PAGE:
When the Black Diamond Ballet Theatre soars onto the newly restored stage of the 1,800-seat Pittsburg Creative Arts Building on Dec. 7 and 8, it won't be just guest soloists like Antioch native Terrin McGee-Kelly gracing the annual "Nutcracker" production.
The East Contra Costa County professional ballet company's third Nutcracker -- after renovations caused a two-year hiatus -- will have all the necessary accouterments. There will be youngsters dressed as mice or soldiers; teens swirling like snowflakes or blooming with the splendor of spring flowers. Visitors from foreign lands will twirl umbrellas, twist behind veils and test the limits of leaping. A young Marie will receive a Nutcracker doll and her brother, Fritz, will tease and trouble her by breaking it. Falling asleep with the beloved doll, mended by the kindly relative who first bestowed the gift, a tree will grow and a battle ensue. The victor will take Marie on a global journey filled with magic, mystery and always, movement. Climactically, a dazzling Sugar Plum Fairy and her prince will inspire.
Woven into the Nutcracker's pirouettes and perfect lines of the corps de ballet, nostalgic memories of long-abandoned ballerina dreams and freshly-sprung visions of Sugar Plum Fairies-to-be will enlarge the audience experience. This is the power of Nutcracker -- and the magnetic draw causing many families to attend year after year.
In 2009, choreographer Michael Lowe and BDBT Artistic Director Sharon Sobel Idul stepped up to maintain the classical ballet tradition when touring companies stopped bringing their productions to Pittsburg's then-aging theater.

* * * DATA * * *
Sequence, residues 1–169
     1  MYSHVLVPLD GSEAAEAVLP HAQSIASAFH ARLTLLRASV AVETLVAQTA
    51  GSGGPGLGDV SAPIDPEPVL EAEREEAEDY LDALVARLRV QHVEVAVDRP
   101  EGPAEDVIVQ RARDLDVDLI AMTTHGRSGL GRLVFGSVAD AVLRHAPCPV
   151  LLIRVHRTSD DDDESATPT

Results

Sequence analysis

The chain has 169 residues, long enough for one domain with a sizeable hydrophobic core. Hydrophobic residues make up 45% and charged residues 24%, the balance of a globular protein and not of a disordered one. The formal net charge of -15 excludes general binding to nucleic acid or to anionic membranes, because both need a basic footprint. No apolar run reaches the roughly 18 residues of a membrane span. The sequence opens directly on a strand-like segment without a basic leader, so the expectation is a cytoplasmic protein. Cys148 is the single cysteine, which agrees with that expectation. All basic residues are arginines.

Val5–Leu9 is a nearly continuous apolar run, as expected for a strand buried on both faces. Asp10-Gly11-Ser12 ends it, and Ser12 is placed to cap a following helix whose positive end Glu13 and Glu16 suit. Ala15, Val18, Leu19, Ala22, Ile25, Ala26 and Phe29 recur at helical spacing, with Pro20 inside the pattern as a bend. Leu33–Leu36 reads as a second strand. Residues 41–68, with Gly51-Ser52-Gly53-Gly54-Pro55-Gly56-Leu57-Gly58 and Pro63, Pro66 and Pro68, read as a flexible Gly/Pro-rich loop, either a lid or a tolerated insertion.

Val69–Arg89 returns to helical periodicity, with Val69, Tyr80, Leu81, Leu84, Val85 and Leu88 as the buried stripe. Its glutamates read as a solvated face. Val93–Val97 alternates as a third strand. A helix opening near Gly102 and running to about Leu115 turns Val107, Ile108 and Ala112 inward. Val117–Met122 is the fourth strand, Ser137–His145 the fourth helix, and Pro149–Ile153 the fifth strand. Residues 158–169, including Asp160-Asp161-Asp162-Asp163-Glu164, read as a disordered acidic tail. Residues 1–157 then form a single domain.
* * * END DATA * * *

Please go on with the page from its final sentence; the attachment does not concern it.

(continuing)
"We saw the need for a local, resident company to fill the void," Idul said.
The reception from the local community was brilliant, she said, but the subsequent two-year renovation interrupted her company's momentum. During the 2012 return, she says there were lingering "challenges of breaking in" the new stage.
But there was no dearth of talent or enthusiasm.
"I believe the community as a whole has a sincere passion and craving for the performing arts, but rarely an opportunity to share it," Idul says. "Parents of our local student-trainees volunteer their skills through the costume design and sewing, marketing, community outreach, set design and construction — all very much a collaborative effort that fosters the production's growth and originality."
As a young company, freelance professional dancers perform BDBC leading roles, accompanied in the major corps sections by approximately 30 nonprofessionals from Idul's affiliated school, the nonprofit Delta Ballet Academy.
This year's Sugar Plum Fairy, McGee-Kelly, arrives upon the solid legs of her DBA and Joffrey Ballet training. With Bay Area appearances including guest stints with Theater Ballet of San Francisco, Oakland Ballet, Peninsula Ballet Theater, and Ballet San Jose, she says in a news release, the ballet is "wonderfully magical to me."
Idul, laser-beam focused on framing the ballet's playful divertissements and adequately lighting the theater's "huge space," says this year's new props and sets will "help dress the stage and work with the theater rather than against it."
Assisted by Associate Artistic Director Alexandra Lengyel, Idul remains devoted to her hometown and sharing the ballet in the same theater where her dreams began. It's no surprise to learn that Idul was once a 3-year-old, gazing upon the arabesque of a Black Diamond Ballet Theatre Sugar Plum Fairy and plotting her future.
What: 'The Nutcracker'
When: 7 p.m. Dec. 7; 2 p.m. Dec. 8
Where: Creative Arts Building 250 School St., Pittsburg
Info: 925-754-9833 or 925-427-2334; www.blackdiamondballet.org or firstname.lastname@example.org Cost: $20 orchestra; $15 balcony; seniors 62 and older and groups of eight or more get15-percent off. Group purchases must be made at Delta Ballet Academy, 300 G St., Antioch. Tickets also available at Railroad Book Depot, 615 Railroad Ave., Pittsburg. Student rush tickets: Available one hour prior to showtime at the only at the theater.